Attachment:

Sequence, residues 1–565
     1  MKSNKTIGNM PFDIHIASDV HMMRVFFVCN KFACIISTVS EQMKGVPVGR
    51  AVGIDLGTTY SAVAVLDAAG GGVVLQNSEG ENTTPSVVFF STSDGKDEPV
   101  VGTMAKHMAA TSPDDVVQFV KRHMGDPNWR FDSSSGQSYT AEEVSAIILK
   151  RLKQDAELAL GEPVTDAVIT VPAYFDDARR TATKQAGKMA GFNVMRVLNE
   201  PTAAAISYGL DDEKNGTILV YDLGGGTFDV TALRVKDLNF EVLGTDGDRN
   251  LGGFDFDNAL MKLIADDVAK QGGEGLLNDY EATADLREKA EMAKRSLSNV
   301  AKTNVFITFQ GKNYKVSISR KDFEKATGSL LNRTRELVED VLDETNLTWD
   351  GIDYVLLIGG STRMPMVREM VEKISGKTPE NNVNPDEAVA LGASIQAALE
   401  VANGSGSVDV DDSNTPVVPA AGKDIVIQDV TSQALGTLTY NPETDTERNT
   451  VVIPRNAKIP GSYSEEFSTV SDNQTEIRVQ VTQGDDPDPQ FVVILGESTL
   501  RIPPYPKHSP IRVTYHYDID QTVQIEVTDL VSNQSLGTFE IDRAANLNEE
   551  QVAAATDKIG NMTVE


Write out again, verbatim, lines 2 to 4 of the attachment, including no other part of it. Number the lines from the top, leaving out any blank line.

     1  MKSNKTIGNM PFDIHIASDV HMMRVFFVCN KFACIISTVS EQMKGVPVGR
    51  AVGIDLGTTY SAVAVLDAAG GGVVLQNSEG ENTTPSVVFF STSDGKDEPV
   101  VGTMAKHMAA TSPDDVVQFV KRHMGDPNWR FDSSSGQSYT AEEVSAIILK